God has sent us a Judge, hallelujah

By Garrison Keillor

The triumph of Judge Roy Moore in Alabama’s Republican Senate primary was a ray of sunshine for those of us who’d like to restore stoning to our legal system and remove the curse of profanity once and for all from our country. Scripture is very clear: “Thou shalt not swear.” But God’s chosen party, the Republican Party, has waffled on this issue, as it has on the issue of adultery and obedience to parents and observance of the Sabbath and the engraving industry. And that is why our country today is on the verge of destruction. The signs are everywhere. Judge Moore is the only man who dares say so.

In Deuteronomy, God makes it clear that a rebellious child should be brought before the elders and stoned to death. It’s there in black and white. We ignore these things at our peril. Establishment Republicans and a great many Christians have adopted the leftist “Let him who is without sin throw the first stone” approach to the law, which would produce utter anarchy — sinlessness as a requirement for service on a jury — and Judge Moore of Alabama is a prophet in our time, calling us to return to God’s Word.

Democrats are fine with the Beatitudes — “Blessed are the poor in spirit for theirs is the kingdom of heaven” and all that — but blessing people is no substitute for upholding God’s standards, and there are people in spiritual poverty who express that by taking the Lord’s name in vain, or by shopping on Sunday, or disobeying their parents, or by coveting their neighbor’s wife, and if we don’t punish sin, then sin will overrun the nation, as it has done already. That is why Judge Moore is not a Beatitudes guy but a Ten Commandments man. The law is the law.

“Thou shalt not make unto thee any graven image.” It couldn’t be clearer. And our country is flooded with them. Currency, photo IDs, the Sunday rotogravure, high school yearbooks, television and movies, National Geographic. And the iPhone, an abomination to the Lord. Liberal theologians can try to talk this away but God has made it clear that when you print, or engrave, a picture, you are violating His law. You can draw or paint whatever you’d like, but when you make copies, your soul is in danger. Xerox, beware.

Judge Moore has taken the high road on the issue of homosexuality. The establishment churches have turned a blind eye, and he has been a voice in the wilderness. But that is only one evil and there are a host of them, profanity being one of the most prevalent and insidious.

We have weapons we can use in the war against profanity, if we choose to use them. The very same algorithms that produce graven images on iPhones can be reversed and used to detect cursing anywhere nearby. The phone can be programmed to sound an alarm and to send powerful electrical currents into the body of the malefactor and render him or her inert and insensate so that he or she can be handed over to the elders for stoning. Your establishment Republicans believe in light stoning, using handfuls of gravel, but Scripture is clear about this: we must use rocks so that the stoning results in death.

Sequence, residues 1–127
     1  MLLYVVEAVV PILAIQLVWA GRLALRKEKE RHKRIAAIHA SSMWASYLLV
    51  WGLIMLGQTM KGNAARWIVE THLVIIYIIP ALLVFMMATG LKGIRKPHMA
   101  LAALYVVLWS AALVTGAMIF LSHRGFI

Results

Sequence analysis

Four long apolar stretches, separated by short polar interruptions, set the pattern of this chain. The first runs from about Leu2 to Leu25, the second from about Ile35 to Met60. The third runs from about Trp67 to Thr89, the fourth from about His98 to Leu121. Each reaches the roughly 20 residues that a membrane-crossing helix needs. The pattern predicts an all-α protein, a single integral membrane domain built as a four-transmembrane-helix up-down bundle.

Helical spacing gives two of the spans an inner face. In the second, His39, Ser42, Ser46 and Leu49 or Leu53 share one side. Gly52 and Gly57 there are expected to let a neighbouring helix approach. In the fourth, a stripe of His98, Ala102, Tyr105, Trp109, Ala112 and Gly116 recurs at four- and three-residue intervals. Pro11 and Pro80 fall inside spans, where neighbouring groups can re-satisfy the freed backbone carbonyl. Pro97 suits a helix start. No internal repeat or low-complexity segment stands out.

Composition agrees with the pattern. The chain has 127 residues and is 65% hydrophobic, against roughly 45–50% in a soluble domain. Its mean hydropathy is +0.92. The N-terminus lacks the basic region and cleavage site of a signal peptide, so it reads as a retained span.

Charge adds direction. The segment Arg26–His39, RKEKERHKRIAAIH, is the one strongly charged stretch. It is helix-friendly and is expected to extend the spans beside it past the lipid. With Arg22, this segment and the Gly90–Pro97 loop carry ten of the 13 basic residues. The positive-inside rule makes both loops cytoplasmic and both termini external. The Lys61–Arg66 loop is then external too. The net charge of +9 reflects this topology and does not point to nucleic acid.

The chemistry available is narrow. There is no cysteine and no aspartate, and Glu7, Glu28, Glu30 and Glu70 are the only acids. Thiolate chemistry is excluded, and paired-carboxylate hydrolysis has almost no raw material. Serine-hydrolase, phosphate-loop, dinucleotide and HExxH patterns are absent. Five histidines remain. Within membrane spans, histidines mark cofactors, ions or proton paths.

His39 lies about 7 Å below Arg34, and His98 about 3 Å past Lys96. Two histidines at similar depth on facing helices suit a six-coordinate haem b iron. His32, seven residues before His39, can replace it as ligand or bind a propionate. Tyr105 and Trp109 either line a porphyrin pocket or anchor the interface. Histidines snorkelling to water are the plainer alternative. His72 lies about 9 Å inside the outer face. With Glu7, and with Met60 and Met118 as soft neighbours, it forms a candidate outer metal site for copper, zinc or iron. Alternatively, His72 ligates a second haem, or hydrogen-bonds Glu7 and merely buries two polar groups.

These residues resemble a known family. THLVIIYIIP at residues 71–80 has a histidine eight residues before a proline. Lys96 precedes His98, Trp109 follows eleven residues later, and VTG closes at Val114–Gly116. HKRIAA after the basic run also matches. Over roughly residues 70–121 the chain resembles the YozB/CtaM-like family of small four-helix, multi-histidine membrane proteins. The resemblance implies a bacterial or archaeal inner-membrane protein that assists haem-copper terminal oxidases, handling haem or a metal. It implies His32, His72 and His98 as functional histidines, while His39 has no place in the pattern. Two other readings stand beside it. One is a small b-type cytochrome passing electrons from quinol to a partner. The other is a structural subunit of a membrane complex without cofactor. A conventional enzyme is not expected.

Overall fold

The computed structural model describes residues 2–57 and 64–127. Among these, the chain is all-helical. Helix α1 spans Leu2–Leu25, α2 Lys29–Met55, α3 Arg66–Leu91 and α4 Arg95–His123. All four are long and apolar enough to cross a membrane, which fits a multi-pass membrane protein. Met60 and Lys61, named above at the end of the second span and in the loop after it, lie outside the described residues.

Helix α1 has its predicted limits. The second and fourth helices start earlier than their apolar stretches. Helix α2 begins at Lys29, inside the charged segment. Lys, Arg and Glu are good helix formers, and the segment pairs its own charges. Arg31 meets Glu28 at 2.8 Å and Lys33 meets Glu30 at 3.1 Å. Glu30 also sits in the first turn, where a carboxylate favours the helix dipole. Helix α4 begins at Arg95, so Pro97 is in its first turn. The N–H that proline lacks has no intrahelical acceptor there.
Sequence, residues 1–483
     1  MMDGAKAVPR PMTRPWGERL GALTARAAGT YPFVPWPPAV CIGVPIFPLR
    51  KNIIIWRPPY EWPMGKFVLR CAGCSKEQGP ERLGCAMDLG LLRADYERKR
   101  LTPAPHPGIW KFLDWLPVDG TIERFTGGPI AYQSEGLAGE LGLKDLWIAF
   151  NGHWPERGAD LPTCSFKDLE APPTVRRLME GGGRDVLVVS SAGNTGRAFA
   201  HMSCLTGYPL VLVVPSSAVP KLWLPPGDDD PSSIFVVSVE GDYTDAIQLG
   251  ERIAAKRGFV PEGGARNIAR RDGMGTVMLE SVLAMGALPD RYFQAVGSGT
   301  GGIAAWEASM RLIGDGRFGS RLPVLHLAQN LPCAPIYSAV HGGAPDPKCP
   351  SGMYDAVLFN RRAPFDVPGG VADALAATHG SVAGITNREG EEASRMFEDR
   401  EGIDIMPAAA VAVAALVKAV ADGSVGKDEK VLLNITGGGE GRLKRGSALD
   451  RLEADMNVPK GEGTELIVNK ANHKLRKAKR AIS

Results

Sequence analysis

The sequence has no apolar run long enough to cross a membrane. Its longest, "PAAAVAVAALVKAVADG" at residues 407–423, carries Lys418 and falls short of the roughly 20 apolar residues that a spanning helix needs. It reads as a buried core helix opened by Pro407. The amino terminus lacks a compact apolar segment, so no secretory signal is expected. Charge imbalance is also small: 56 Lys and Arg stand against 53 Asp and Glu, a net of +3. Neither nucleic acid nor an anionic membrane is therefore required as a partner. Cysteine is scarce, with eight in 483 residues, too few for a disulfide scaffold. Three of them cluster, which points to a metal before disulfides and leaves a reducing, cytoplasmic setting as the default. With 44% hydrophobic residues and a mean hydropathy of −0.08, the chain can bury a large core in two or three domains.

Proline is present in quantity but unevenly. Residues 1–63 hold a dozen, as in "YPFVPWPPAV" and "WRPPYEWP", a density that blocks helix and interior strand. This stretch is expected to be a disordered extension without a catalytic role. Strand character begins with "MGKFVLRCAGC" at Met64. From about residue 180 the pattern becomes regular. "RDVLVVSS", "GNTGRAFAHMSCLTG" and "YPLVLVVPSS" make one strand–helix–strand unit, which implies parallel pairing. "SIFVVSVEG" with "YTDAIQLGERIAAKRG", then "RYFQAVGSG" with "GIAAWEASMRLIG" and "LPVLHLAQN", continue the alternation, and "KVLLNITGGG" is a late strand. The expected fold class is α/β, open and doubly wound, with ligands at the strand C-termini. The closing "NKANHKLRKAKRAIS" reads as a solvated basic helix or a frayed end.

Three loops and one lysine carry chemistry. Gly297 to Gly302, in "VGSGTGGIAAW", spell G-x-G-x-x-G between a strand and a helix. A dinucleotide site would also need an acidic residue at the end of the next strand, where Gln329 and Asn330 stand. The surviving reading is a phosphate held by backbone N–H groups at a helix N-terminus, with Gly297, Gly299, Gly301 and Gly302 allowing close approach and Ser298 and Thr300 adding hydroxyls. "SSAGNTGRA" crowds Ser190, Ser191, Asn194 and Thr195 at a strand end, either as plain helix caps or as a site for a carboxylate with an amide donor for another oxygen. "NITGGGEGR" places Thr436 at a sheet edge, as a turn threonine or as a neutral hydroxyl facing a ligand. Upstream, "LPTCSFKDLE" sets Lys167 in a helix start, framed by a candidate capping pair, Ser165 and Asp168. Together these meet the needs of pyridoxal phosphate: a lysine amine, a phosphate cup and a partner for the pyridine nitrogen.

If we create stoning grounds in the centers of our cities and we publicly execute those who are guilty of rebelliousness, adultery, engraving, shopping on Sunday and cursing, you will see America become great again, assuming you are not one who will be executed.

Let us be honest here. There are too many people in this country. You know it and I know it. When we reduce the excess population by stoning and become a nation of 10 or 15 million, this country will be a paradise. You’ll be able to drive and not languish in traffic. No waiting for tee times. Our enemies will be gone, all of them, bonked to death, and we will gain their homes and their wives and their cleaning ladies. It will be perfect.

 

©2017 Garrison Keillor distributed by The Washington Post News Service with Bloomberg News.

Garrison Keillor was born in 1942 in Anoka, Minnesota, and began his radio career as a freshman at the University of Minnesota, from which he graduated in 1966. He went to work for Minnesota Public Radio in 1969, and from July 6, 1974 through July 1, 2016, he created and hosted his popular variety show, A Prairie Home Companion, for some 3.5 million listeners on 700 public radio stations coast to coast and beyond. Keillor has been honored with Grammy, ACE, and George Foster Peabody awards, the National Humanities Medal, and election to the American Academy of Arts and Letters. His many books include Lake Wobegon Days, The Book of Guys, Pilgrims: A Wobegon Romance, Guy Noir and the Straight Skinny, and The Keillor Reader (Viking). He is the host of the daily program The Writer’s Almanac and the editor of several anthologies of poetry, most recently, Good Poems: American Places (Viking). In 2006, Keillor played himself in the movie adaptation of his show, a film directed by Robert Altman. He has two grandsons and in 2007, he opened an independent bookstore, Common Good Books, in St. Paul, the city where he and his wife and daughter make their home.

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